Perpetual bridge-burner Keith Olbermann set ablaze another viaduct Friday with his acrimonious departure from Al Gore's Current TV network. After his bad breakups at MSNBC and ESPN, who will take the liberal firebrand now? Sure, he's a difficult person to work with but his cocksure belligerence is perfect for television and Olbermann's got too much fight in him to just fade away. Here's our landscape of career options for him:
CBS: Not impossible. According to The New Yorker, the network reached out to him in 2005 as a permanent replacement for Dan Rather as the anchor of the CBS Evening News. It never panned out and the network opted for Katie Couric. While the expression of interest could hint that the network could reconsider him for some position, a statement by Sandy Socolow, Walter Cronkite's final executive producer, suggests the network would never take the risk at a news gig. “Oh, no, no, no, he’s not a newsman,” she said. “He’s not a reporter. I’ve never seen anything that he’s done that was original, in terms of the information." Still, that doesn't mean Olbermann couldn't go back to his sports anchor roots and find a home at CBS Sports.
News Corp: Don't bet on it. Not only has Olbermann spent most of his career bashing News Corp's subsidiaries such as Fox News, Olbermann left Rupert Murdoch's Fox Sports acrimoniously and Murdoch told The New Yorker "I fired him... He's crazy." Also, if Bill O'Reilly holds any sway there, Olbermann won't be anywhere near a job. Upon his departure from MSNBC, O'Reilly said the network lost a "hateful commentator."
HBO: Not impossible. If the premium cable network wanted a less funny, newsier voice to add to its lineup, Olbermann would be the guy. He certainly would fit with its liberal programming bent.
ESPN: Forget about it. When Olbermann walked out at the end of his 1997 contract with ESPN, an ESPN official was quoted saying Olbermann "didn't burn the bridges here, he napalmed them."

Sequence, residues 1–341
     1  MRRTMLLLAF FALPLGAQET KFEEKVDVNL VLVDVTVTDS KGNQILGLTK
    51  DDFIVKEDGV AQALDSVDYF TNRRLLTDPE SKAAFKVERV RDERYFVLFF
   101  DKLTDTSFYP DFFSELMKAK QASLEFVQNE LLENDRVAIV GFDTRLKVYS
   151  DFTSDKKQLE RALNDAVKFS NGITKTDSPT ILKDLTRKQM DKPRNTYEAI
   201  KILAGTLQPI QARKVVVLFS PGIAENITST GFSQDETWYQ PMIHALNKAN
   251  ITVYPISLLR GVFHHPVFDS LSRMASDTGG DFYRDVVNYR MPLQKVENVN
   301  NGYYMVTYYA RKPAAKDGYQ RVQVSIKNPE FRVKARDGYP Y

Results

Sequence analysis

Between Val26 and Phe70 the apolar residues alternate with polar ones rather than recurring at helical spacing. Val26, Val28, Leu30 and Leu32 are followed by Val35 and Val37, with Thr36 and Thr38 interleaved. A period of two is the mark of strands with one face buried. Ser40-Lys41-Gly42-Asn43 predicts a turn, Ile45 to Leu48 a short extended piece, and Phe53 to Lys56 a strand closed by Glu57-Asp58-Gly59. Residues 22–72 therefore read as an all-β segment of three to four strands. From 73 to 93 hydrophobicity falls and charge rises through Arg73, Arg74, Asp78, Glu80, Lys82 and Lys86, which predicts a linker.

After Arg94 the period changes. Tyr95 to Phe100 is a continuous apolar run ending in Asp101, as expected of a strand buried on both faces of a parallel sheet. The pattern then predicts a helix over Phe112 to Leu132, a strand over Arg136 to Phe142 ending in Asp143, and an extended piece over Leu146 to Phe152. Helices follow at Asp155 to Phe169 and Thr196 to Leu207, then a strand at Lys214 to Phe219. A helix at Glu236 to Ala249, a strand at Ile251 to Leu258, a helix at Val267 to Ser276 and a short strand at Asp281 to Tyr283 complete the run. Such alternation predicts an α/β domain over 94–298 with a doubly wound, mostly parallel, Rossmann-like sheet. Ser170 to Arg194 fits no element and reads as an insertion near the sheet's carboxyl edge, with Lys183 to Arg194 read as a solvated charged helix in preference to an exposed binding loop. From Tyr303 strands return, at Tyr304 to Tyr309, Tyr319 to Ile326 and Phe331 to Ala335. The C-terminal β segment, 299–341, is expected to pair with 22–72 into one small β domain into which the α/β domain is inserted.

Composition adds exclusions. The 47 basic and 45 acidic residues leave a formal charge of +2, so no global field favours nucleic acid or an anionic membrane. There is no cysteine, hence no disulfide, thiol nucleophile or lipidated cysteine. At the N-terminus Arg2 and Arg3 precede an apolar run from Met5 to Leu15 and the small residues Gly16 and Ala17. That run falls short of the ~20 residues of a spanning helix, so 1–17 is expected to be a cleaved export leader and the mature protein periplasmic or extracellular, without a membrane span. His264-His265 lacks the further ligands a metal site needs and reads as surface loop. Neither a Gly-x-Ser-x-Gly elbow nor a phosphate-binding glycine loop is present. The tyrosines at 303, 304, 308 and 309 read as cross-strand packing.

NBC: Forget about it. By all accounts, Olbermann drove MSNBC executives and his underlings up the wall. The straw that broke the camel's back was thought to be MSNBC suspending him for donating to Democratic candidates without notifying his bosses but elsewhere, sticky personnel issues were cited. Like CBS, though, NBC is ramping up its sports division, but with the coals of that particular bridge still so warm, it's hard to see Olbermann working for any of the Peacock's outposts any time soon.
CNN: Not impossible. Olbermann started at CNN in 1981 as a freelance sports reporter and returned to the network in 2002. As New York magazine's Gabriel Sherman has detailed, CNN has aggressively considered Olbermann as a hire in the past but ultimately decided he was too left-of-center for the brand. Though it's not a full-time job, it's not too far-fetched to envision him as a liberal contributor.
KOTV? Not impossible. Will Keith pull a Glenn Beck and launch his own subscriber-based digital venture? It certainly worked for Beck, as GBTV was reportedly on track to take in $20 million in revenue for its debut year. But if Olbermann worked for himself, who would he fight with?
This article is from the archive of our partner The Wire.
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